A presidential retreat . . .
Pine Knot around 1906.
Photo courtesy of the
Theodore Roosevelt Collection at Harvard University.
At the beginning of Roosevelt's first full term as President his
wife Edith wanted a place where she and the President could get
away from public life and enjoy the kinds of recreation appealing
to them both. A rustic "camp-like" retreat fit the style
and character of TR, who relished "the strenuous life"
and close contact with nature.
Finding the perfect property. . .
Affectionately known as Archie's Spring, this location
the hill from the cabin was the source of water for the family.
Plumbing was NOT a feature of this President's retreat.
The family enjoyed simple times here in close contact with nature.
The Roosevelt's friendship with two bachelor brothers, Joseph and
William Wilmer, owners of the Albemarle County, VA estates of "Round
Top" and "Plain Dealing", influenced the choice of
location for the retreat.
In May 1905, Mrs. Roosevelt purchased from William Wilmer's "Plain
Dealing" estate a small parcel containing 15 acres with a recently
built farm worker's cottage. She named it "Pine Knot",
reflecting the many surrounding pine trees, and ordered alterations
to it before the President ever saw it. Including the alterations,
the property cost $280. After their first visit there together in
June 1905, TR wrote to one of his sons, "Mother is a great
deal more pleased with it than any child with any toy I ever saw."
Pine Knot meant as much or more to Edith as it did to TR.
Family arrives . . .
Front porch of Pine Knot as glimpsed throught the
foliage in fall of 1999
after stabilization and early restoration.
At the time the "retreat" was acquired, there were 6
children in the family, ranging in age from 7 up to 21. All of the
children, except for Alice, visited Pine Knot at least once, but
it was most enjoyable for Kermit and Archie.
From Washington it was about a 4-hour ride by train to the depot
at North Garden, their usual destination. From there they rode the
10 or so miles to Pine Knot in a carriage or on horseback.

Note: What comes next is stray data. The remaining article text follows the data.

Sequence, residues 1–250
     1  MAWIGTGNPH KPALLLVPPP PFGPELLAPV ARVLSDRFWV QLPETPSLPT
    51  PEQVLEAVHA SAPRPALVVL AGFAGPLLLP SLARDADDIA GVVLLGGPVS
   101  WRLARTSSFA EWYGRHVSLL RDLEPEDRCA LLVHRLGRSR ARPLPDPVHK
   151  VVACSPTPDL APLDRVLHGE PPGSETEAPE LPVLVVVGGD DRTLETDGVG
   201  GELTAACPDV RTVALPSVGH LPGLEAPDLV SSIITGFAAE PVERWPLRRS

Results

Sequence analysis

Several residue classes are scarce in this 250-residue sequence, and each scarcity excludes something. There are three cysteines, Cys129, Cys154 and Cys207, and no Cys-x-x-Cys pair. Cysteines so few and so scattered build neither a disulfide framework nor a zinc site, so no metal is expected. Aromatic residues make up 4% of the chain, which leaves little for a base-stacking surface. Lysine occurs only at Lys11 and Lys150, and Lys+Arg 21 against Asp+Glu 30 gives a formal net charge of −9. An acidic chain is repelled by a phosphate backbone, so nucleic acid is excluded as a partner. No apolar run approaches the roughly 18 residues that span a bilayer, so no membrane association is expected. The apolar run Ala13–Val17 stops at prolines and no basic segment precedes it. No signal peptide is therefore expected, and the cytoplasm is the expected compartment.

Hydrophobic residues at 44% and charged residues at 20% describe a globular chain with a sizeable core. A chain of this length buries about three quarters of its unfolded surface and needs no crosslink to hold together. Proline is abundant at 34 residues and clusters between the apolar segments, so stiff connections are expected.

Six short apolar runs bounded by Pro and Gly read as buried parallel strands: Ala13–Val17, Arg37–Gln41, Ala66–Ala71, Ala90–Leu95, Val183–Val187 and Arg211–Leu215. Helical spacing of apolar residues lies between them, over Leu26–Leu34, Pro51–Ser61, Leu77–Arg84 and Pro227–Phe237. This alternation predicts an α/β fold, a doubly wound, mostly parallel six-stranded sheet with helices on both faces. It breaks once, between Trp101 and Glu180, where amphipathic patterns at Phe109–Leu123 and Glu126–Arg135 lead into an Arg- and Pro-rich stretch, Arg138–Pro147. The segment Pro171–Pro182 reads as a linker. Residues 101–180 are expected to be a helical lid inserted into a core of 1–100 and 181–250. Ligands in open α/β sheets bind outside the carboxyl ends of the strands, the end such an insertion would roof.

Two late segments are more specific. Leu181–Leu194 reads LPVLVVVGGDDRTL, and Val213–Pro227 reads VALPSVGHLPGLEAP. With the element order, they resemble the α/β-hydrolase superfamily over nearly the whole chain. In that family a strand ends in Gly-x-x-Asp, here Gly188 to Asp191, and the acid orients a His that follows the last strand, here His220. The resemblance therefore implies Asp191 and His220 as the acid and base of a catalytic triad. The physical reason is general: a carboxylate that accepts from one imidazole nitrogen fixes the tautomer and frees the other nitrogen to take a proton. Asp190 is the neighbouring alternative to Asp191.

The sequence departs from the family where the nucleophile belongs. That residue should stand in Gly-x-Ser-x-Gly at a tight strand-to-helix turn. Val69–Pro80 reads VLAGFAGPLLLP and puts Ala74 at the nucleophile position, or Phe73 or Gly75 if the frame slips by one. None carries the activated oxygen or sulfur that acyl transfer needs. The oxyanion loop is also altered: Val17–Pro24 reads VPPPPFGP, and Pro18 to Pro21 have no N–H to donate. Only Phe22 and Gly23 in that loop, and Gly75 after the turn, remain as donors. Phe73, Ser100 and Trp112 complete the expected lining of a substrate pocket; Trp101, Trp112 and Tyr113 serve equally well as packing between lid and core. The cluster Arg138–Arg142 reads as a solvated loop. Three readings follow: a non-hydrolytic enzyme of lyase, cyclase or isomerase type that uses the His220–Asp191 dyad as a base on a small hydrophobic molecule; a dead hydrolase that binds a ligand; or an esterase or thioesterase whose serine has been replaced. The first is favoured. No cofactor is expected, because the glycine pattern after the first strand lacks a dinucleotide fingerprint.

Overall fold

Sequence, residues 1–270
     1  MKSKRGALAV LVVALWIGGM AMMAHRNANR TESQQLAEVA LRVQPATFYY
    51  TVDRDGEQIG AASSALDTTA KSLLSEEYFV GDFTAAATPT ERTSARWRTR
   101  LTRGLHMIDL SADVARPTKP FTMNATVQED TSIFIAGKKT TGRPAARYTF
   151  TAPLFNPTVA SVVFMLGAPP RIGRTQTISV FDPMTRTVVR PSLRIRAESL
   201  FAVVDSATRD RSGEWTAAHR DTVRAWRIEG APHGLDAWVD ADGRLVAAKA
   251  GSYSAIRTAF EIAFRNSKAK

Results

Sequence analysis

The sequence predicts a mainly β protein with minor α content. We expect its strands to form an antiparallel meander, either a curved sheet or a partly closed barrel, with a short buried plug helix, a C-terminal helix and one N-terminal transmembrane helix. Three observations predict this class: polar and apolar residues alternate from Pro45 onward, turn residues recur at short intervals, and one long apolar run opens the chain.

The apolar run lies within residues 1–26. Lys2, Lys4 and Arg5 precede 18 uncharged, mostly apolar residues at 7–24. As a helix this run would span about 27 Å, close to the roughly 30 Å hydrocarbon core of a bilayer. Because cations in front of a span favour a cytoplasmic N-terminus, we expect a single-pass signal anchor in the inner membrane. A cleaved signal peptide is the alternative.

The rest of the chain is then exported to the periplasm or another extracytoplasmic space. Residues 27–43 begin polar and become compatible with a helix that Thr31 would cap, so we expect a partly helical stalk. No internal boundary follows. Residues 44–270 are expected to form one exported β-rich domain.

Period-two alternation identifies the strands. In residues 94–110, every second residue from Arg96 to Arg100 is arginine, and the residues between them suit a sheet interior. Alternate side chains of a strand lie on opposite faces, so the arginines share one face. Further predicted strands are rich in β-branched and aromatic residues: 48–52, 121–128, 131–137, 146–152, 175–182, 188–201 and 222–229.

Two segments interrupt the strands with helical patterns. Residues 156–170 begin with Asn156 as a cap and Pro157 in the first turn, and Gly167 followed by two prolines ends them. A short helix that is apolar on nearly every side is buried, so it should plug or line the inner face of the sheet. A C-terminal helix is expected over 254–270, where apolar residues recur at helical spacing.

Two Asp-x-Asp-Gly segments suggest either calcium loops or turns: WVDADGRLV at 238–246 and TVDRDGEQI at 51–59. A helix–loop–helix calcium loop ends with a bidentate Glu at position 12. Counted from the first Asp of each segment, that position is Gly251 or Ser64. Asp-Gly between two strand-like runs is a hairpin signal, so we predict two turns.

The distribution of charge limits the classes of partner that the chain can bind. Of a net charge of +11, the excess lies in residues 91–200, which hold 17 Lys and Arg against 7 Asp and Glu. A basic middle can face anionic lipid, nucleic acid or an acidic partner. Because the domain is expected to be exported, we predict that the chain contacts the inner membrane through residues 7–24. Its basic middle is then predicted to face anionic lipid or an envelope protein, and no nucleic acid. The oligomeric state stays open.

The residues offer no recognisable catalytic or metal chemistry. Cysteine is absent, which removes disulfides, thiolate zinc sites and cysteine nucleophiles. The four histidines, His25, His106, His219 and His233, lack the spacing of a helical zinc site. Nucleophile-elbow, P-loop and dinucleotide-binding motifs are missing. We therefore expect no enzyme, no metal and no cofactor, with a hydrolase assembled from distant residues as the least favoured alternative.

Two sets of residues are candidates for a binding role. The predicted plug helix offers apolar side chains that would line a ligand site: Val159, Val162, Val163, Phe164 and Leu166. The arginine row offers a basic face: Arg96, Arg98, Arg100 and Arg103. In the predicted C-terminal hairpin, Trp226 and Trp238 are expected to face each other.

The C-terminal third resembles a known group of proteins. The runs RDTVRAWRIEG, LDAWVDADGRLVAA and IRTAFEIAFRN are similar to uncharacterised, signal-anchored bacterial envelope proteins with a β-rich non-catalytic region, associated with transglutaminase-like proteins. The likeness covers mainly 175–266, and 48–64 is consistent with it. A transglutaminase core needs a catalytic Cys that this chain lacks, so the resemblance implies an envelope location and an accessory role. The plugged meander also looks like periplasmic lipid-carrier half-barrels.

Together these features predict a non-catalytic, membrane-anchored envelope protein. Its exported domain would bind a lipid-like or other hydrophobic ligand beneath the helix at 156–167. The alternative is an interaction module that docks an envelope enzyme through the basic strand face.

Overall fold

In addition to Edith's initial visit to inspect the property prior
to the purchase, she and the President made 8 visits here, usually
lasting from 2 to 6 days, before he left office in 1909. [June 1905;
Thanksgiving 1905; just after Christmas 1905; early November 1906;
just after Christmas 1907; May 1907; just after Christmas 1908;
In July of 1911, Edith purchased 75 more acres at Pine Knot, anticipating
TR's intention to run for a second full term as President. But they
never visited the property again after their last visit in May 1908.
Inside the cabin. . .
One of the two downstairs fireplaces. The lower
one larger area where all the Roosevelt's would gather.
When Edith bought it, the existing unfinished farm worker's cottage
offered 12'x32' of space on each of two floors. It had been started
in 1903, and had no stove, chimney, well or "privy".
Immediately after buying the property Edith Roosevelt arranged
to have a ground floor partition removed and end fireplaces added
to make a single lodge room. The central stair was moved to the
A "piazza" was constructed along the rear of the building
with support posts of untrimmed cedar (not pine despite local legend
that this is the origin of the name). At the time they owned the
property, there were fewer trees obstructing the view, and they
could look out over the fields from this vantage point.
The furnishings were very simple and today the only piece remaining
from the Roosevelt's years is a large farm table.
An amusing contemporary newspaper description of the interior tells
us more about the space, including the President's bedroom: "
The first floor consists of a single large room. . . From this room
to the two above is a stairway of primitive pattern, not even boxed
in. The room into which this stairway or plank ladder leads contains
a meager complement of furniture - merely a double bed of cheap
style, an oak bureau that cost a few dollars, a washstand of the
plainest kind, probably worth a dollar and a half, and a goods box
cheaply tricked out as a table." [Daily Progress, Times
Dispatch and Washington Post, 20 May 1907]
Two of the three sleeping spaces upstairs, warmed
by the large fireplaces in the chimneys at either end of the house.
Repair of these chimneys was part of the early stabilization program.
Pine Knot today. . .
In 1996, long-term plans for the development of Pine Knot as an
historic site, open to the general public, were developed and approved
by the Theodore Roosevelt Association. As a result of the Association's
efforts and a grant from the State of Virginia, work on improvements
to stabilize the property and provide limited public access are
Chimneys were repaired and pressured back into plumb with the building,
foundations reinforced, and numerous large and small holes in the
walls of the building, made by the "little forest folk"
whose night calls gave such pleasure to Edith Roosevelt, were sealed
Extensive testing revealed the color scheme of the building. Clapboard
siding, cornices, and beams were originally light yellow, the doors
and window sashes, a grayish, reddish orange, and the louvered shutters
a dark olive green.
Appointments for visits should be made in advance. Inquiries about
Pine Knot may be made by writing to Pine Knot, PO Box 213, Keene,
Contributions earmarked for the support of Pine Knot are tax deductible
as provided by law and may be made toThe Edith & Theodore Roosevelt
Pine Knot Foundation
P.O. Box 213, Keene, Virginia 22946.
Back side of Pine Knot as seen in the fall of 1999.